Guest Post by Willis Eschenbach
[UPDATE]: I have added a discussion of the size of the model error at the end of this post.
Over at Judith Curry’s climate blog, the NASA climate scientist Dr. Andrew Lacis has been providing some comments. He was asked:
Please provide 5- 10 recent ‘proof points’ which you would draw to our attention as demonstrations that your sophisticated climate models are actually modelling the Earth’s climate accurately.
To this he replied (emphasis mine),
Of note is the paper by Hansen, J., A. Lacis, R. Ruedy, and Mki. Sato, 1992: Potential climate impact of Mount Pinatubo eruption. Geophys. Res. Lett., 19, 215-218, which is downloadable from the GISS webpage.
It contains their model’s prediction of the response to Pinatubo’s eruption, a prediction done only a few months after the eruption occurred in June of 1991:
Figure 1. Predictions by NASA GISS scientists of the effect of Mt. Pinatubo on global temperatures. Scenario “B” was Hansen’s “business as usual” scenario. “El” is the estimated effect of a volcano the size of El Chichón. “2*El” is a volcano twice the size of Chichón. The modelers assumed the volcano would be 1.7 times the size of El Chichón. Photo is of Pinatubo before the eruption.
Excellent, sez’ I, we have an actual testable prediction from the GISS model. And it should be a good one if the model is good, because they weren’t just guessing about inputs. They were using early estimates of aerosol depth that were based on post-eruption observations. But with GISS, you never know …
Here’s Lacis again talking about how the real-world outcome validated the model results. (Does anyone else find this an odd first choice when asked for evidence that climate models work? It is a 20-year-old study by Lacis. Is this his best evidence he has?) But I digress … Lacis says further about the matter:
There we make an actual global climate prediction (global cooling by about 0.5 C 12-18 months following the June 1991 Pinatubo volcanic eruption, followed by a return to the normal rate of global warming after about three years), based on climate model calculations using preliminary estimates of the volcanic aerosol optical depth. These predictions were all confirmed by subsequent measurements of global temperature changes, including the warming of the stratosphere by a couple of degrees due to the volcanic aerosol.
As always, the first step in this procedure is to digitize their data. I use a commercial digitizing software called “GraphClick” on my Mac, there are equivalent programs for the PC, it’s boring tedious hand work. I have made the digitized data available here as an Excel worksheet.
Being the untrusting fellow that I am, I graphed up the actual temperatures for that time from the GISS website. Figure 2 shows that result, along with the annual averages of their Pinatubo prediction (shown in detail below in Figure 3), at the same scale that they used.
Figure 2. Comparison of annual predictions with annual observations. Upper panel is Figure 2(b) from the GISS prediction paper, lower is my emulation from digitized data. Note that prior to 1977 the modern version of the GISS temperature data diverges from the 1992 version of the temperature data. I have used an anomaly of 1990 = 0.35 for the modern GISS data in order to agree with the old GISS version at the start of the prediction period. All other data is as in the original GISS prediction. Pinatubo prediction (blue line) is an annual average of their Figure 3 monthly results.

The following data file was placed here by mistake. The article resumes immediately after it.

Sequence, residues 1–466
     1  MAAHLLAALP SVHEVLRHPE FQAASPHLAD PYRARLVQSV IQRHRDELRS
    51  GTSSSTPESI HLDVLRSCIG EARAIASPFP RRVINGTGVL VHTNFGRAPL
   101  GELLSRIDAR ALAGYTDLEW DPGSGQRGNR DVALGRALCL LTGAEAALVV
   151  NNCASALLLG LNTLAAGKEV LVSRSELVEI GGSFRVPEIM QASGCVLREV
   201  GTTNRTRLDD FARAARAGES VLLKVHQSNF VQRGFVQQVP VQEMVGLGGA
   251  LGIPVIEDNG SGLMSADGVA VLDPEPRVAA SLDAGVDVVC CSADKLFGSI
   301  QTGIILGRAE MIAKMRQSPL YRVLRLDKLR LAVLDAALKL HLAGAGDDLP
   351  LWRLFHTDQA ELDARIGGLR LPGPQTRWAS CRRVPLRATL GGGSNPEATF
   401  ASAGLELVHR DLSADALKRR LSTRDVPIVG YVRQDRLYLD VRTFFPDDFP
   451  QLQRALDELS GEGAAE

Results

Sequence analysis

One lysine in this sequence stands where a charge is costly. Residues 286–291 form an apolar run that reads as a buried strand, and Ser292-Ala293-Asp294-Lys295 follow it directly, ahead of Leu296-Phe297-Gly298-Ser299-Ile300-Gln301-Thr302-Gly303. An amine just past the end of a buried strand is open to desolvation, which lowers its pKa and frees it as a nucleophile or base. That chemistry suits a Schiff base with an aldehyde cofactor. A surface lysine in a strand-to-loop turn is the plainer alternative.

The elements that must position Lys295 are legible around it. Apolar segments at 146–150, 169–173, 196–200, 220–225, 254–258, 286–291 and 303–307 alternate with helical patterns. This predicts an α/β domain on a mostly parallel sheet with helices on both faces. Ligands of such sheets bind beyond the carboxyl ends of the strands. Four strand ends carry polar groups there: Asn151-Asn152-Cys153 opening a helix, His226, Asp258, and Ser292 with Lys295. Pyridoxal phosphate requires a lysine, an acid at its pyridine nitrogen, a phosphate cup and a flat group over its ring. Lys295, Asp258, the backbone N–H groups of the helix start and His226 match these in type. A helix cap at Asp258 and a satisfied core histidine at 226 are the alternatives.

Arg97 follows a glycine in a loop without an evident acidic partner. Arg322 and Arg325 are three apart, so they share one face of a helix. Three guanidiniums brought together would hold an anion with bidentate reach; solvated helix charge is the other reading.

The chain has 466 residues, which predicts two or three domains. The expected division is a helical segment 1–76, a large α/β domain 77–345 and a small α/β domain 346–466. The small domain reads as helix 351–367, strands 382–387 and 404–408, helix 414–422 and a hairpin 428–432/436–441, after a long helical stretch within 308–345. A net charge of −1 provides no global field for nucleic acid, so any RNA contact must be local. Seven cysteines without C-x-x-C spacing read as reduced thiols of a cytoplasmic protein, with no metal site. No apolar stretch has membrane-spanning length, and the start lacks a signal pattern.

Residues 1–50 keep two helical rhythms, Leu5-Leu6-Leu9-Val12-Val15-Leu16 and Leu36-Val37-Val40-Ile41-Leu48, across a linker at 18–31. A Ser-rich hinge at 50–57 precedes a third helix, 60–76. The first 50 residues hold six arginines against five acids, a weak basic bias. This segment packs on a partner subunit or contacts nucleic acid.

Again from their paper:
Figure 2 shows the effect of E1 and 2*El aerosol son simulated global mean temperature. Aerosol cooling is too small to prevent 1991 from being one of the warmest years this century, because of the small initial forcing and the thermal inertia of the climate system. However, dramatic cooling occurs by 1992, about 0.5°C in the 2*El case. The latter cooling is about 3 σ [sigma], where σ is the interannual standard deviation of observed global annual-mean temperature.This contrasts with the 1-1/2 σ coolings computed for the Agung (1963)and El Chichon (1982) volcanos
So their model predicted a large event, a “three-sigma” cooling from Pinatubo.
But despite their prediction, it didn’t turn out like that at all. Look at the red line above showing the actual temperature change. If you didn’t know there was a volcano in 1991, that part of the temperature record wouldn’t even catch your eye. Pinatubo did not cause anywhere near the maximum temperature swing predicted by the GISS model. It was not a three-sigma event, just another day in the planetary life.
The paper also gave the monthly predicted reaction to the eruption. Figure 3 shows detailed results, month by month, for their estimate and the observations.
Figure 3. GISS observational temperature dataset, along with model predictions both with and without Pinatubo eruptions. Upper panel is from GISS model paper, lower is my emulation. Scenario B does not contain Pinatubo. Scenario P1 started a bit earlier than P2, to see if the random fluctuations of the model affected the result (it didn’t). Averages are 17-month Gaussian averages. Observational (GISS) temperatures are adjusted so that the 1990 temperature average is equal to the 1990 Scenario B average (pre-eruption conditions). Photo Source
One possibility for the model prediction being so far off would be if Pinatubo didn’t turn out to be as strong as the modelers expected. Their paper was based on very early information, three months after the event, viz:
The P experiments have the same time dependence of global optical depth as the E1 and 2*El experiments, but with r 1.7 times larger than in E1 and the aerosol geographical distribution modified as described below. These changes crudely account for information on Pinatubo provided at an interagency meeting in Washington D.C. on September 11 organized by Lou Walter and Miriam Baltuck of NASA, including aerosol optical depths estimated by Larry Stowe from satellite imagery.
However, their estimates seem to have been quite accurate. The aerosols continued unabated at high levels for months. Optical depth increased by a factor of 1.7 for the first ten months after the eruption. I find this (paywall)